A MORE POTENT HUMAN RIGHTS ENVIRONMENT
If you or your organization have made or defended a complaint before British Columbia’s Human Rights Tribunal (the “Tribunal”) in the past few years, you are likely aware that the Tribunal has been increasing the value of discretionary awards, flexing its powers more regularly, and asserting more control over its processes.
This article examines some of these trends and developments.
Rising Injury to Dignity Awards
The Tribunal has the power to make general damage awards to successful complainants for “injury to dignity”. These awards are intended to be compensatory, not punitive. While the Tribunal compensates successful complainants for quantitative monetary losses such as lost income arising from discrimination, “injury to dignity” damages are a unique category of damages that seek to compensate the complainant based on both the objective severity of the harm occasioned on the complainant, as well as the complainant’s subjective view of the experience.
Awards for injury to dignity have been generally increasing in value, with the Tribunal stating in Biggings obo Walsh v. Pink and others – and other decisions since – that “[t]he trend in damage for injury to dignity is upwards,”1 particularly since 2012. The trend has affected not only awards arising out of discrimination in employment, but also discrimination arising out of other areas such as housing.
While the high water mark in BC remains $75,000.00 for an injury to dignity award, the value of awards under that mark have generally risen. This makes comparing awards in past human rights decisions very difficult. Across the country, Ontario has frequently awarded amounts higher than $75,000.00. Ontario’s awards are not binding in British Columbia, but do hold some persuasive value. The high water mark in Ontario is $200,000.00 for an injury to dignity award.
Where the case involves findings of sexual harassment or assault, especially on behalf of particularly vulnerable complainants, injury to dignity awards continue to rise.
Given these trends, an unsuccessful respondent at the Tribunal should be prepared for the possibility of a larger than expected injury to dignity award. As we begin a new decade, it is only a matter of time before the Tribunal finds a new high water mark case.
Costs for Improper Conduct
Another area in which the Tribunal has become more assertive is the imposition of costs for “improper conduct” by a party to the complaint. These cost awards serve the opposite purpose to an injury to dignity award: they are intended to be punitive and to act as a deterrent. The factors that go into considering whether to make a costs award for improper conduct include:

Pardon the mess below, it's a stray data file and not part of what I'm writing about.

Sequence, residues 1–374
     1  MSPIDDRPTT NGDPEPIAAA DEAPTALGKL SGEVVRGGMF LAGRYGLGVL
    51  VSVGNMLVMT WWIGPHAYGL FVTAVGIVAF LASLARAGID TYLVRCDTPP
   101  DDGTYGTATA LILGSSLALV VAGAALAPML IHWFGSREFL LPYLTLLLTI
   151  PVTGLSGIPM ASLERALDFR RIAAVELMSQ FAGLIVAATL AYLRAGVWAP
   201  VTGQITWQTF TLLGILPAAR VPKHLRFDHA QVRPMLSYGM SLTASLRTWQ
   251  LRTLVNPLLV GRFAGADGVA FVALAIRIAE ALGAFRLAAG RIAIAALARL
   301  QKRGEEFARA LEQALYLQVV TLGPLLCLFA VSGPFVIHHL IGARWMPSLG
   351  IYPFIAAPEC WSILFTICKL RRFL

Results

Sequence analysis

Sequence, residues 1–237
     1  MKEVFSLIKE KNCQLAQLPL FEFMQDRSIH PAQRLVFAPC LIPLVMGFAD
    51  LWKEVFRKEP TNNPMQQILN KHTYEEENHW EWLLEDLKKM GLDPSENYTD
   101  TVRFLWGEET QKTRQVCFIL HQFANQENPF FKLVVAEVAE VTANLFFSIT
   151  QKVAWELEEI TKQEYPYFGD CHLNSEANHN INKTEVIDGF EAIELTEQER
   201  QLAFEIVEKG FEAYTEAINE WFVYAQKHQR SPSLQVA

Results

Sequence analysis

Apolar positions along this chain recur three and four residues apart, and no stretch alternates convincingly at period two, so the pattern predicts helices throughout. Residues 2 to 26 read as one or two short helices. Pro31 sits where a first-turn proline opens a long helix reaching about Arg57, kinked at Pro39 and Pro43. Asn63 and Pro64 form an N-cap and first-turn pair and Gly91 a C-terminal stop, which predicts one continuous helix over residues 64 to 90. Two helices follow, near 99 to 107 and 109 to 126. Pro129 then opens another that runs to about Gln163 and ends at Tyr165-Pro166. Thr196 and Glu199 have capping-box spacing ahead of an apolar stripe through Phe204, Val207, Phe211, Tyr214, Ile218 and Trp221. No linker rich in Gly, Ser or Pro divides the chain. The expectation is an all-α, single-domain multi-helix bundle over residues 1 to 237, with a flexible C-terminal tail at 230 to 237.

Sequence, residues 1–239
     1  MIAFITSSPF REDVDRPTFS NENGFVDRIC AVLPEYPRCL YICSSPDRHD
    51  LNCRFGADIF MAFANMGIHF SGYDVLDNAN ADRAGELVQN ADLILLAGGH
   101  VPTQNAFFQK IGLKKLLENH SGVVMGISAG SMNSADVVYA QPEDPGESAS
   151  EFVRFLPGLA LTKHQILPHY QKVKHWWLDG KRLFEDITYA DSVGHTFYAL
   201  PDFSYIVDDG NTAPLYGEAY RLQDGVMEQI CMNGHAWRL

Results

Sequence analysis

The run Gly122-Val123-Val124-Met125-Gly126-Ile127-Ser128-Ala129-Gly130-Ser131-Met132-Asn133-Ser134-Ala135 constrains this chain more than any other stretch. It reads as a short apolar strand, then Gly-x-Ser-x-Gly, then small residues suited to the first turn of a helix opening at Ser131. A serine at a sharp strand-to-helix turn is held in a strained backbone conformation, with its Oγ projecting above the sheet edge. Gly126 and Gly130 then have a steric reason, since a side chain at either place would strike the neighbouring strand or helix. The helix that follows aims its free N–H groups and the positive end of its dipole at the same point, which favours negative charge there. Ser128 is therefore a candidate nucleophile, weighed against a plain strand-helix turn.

(a) the nature and severity of the behaviour being sanctioned;
(b) the ability of a party against whom costs are awarded to pay that award;
(c) the relative culpability of the party with respect to the behaviour in question;
(d) any factors, such as disability, which may have contributed to the behaviour in question; and
(e) any other consequences to the party which have arisen as a result of the sanctioned behaviour.2
Historically, cost awards at the Tribunal are rare and most of them are on the more nominal end of $1,000.00 – $5,000.00.3 The highest recorded cost award by the Tribunal is nearly $32,000.00, and that was awarded 21 years ago.4
Recently though, in Gichuru v. Vancouver Swing Society No. 3, the Tribunal awarded the respondent $10,000.00 due to the improper conduct of the complainant.5 In Gichuru v. Purewal, the complainant was awarded $10,000.00 due to the improper conduct of one of the respondents.6 More substantially, in Oger v. Whatcott (No. 7) the Tribunal awarded $20,000.00 to the complainant for the respondent’s improper conduct.7 While these three cases involved egregious actions, their awards in 2017, 2019, and 2020 send a message that the Tribunal is increasingly willing to rebuke improper conduct through more frequent, and perhaps generally rising cost awards.
Recently, in the case of Gichuru v. Vancouver Swing Society No. 3,8 the Tribunal made the functional equivalent of a vexatious litigant order against a complainant. In so doing, it barred him from filing any complaints based on section 43 of the Human Rights Code – the “retaliation” section – without first obtaining leave of the Tribunal to do so. This is a significant, extraordinary step.
Factors considered by the Tribunal as relevant to its determination included:
- The complainant’s history before the Tribunal, including the volume of complaints filed and the number of wins and losses;
- That the complainant had previously been found to have provoked discrimination;
- That the standard screening review at the Tribunal is not adequate enough to protect the integrity of the Tribunal from retaliation complaints filed by this complainant; and
- The complainant’s litigation history more generally, including that British Columbia courts had found this complainant to be vexatious in certain contexts already.
The Tribunal noted concern over other types of complaints filed by this complainant, but felt that the Tribunal’s usual initial screening process would suffice for those, at least for now.
As we enter 2020, we can expect to see a more assertive Tribunal. Complainants and Respondents would do well to reflect on these developments, especially with rising injury to dignity awards increasing the potential recovery of Complainants before the Tribunal. Businesses should take particular care to ensure they are meeting their obligations under the Human Rights Code so as to ensure a healthy workplace and to avoid human rights complaints from arising wherever possible.
1 2018 BCHRT 174
2Gichuru v. Vancouver Swing Society No. 3, 2020 BCHRT 1 at para 239
3Gichuru v. Purewal, 2017 BCHRT 19 at para 330
4 See Theodoridis v. Long & McQuade and Martel, 1999 BCHRT 35
5Supra note 2
6Supra note 3
72019 BCHRT 58
8Supra note 2